Lifeless environments So much for breathing life into the valley
For such a large world, the developers of this game didn’t seem to know what to do with all of the space they created. Many environments are incredibly empty, with flat colors and stretched-out textures. The framerate dips constantly, and sometimes running at normal speed is too much for the game, resulting in running into large black voids until the game decided to catch up. People popped in and out of existence sometimes, and the music stuttered so much I often didn’t bother to play with it on, which is a shame because the music is so good.
The main draw of the game is being able to pack up your farm into a small object and unpack it in various areas around the world. However, it lacks customization options, as you’re only allowed to place your farm in pre-determined areas, and no buildings can be moved once you place your farm down, so every farm looks the same. There was no option to till new land other than what is already laid out, which made me feel like my farm wasn’t really mine.
Inadequate quality-of-life features Making life unnecessarily hard
There were many features that were missing in the time I spent with this game. I kept playing, thinking they would come… but they never did. I got super far into the main story and still found no way to upgrade my tools, which meant I was stuck with the same 10-tile limit for my watering can. The stamina meter featured hearts that reduced by half in a seemingly arbitrary manner, and there was no real way to tell what affected it. Because of this, not only did using tools reduce my stamina but moving through the world made that meter go down as well. In hot and cold environments, stamina depletes even faster, which was countered by consuming hot or cold dishes. However, this rule did not seem to apply when I stood atop an actual volcano.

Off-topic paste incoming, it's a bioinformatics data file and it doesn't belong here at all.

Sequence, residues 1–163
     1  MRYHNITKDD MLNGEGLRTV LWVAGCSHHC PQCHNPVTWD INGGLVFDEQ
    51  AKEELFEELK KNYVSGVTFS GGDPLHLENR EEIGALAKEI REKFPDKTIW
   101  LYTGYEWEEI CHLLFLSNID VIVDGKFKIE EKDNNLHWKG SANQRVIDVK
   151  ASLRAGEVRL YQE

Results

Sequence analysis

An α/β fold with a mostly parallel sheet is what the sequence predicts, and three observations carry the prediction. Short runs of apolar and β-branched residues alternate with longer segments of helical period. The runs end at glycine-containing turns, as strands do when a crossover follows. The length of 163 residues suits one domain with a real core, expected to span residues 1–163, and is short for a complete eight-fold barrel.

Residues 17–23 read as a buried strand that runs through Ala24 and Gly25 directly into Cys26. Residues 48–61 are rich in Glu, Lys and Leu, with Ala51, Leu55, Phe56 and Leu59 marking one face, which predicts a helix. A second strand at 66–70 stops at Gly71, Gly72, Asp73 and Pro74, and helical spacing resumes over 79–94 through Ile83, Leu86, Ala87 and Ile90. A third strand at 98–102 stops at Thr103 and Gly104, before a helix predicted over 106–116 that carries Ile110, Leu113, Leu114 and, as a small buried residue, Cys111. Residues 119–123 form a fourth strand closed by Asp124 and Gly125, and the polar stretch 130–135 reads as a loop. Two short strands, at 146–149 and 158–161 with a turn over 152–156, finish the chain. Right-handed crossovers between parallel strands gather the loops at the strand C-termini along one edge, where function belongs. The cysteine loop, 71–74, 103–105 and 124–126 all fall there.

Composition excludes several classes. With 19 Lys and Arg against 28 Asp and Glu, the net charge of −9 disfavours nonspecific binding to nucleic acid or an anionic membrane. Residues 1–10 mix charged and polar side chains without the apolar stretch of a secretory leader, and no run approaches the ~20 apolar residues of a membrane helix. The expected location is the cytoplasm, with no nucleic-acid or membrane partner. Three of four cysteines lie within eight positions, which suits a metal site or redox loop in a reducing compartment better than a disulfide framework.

In the early days when my bag was still small, I often found myself unable to receive more seeds, which was understandable as item management is a given at the beginning of many games. But there was no way for me to discard or drop items that I did not want in order to make room for new ones. This forced me to fast travel quite a bit and waste time trekking back and forth between waypoints and the place I wanted to be.
Disappointing quests and events Please respect my time
The main story of the game involves completing quests for various NPCs in different towns. This usually comes in the form of fetch quests, where crops, flowers or seeds are required to progress the story. Unfortunately, the number of crop seeds you can get every day is low, with 1-2 seeds available for various crops. Some days, specific seeds don’t even spawn. You’re forced to use the Wisp tracker in order to find the seeds you want, as there is no way to buy seeds once you’ve unlocked them.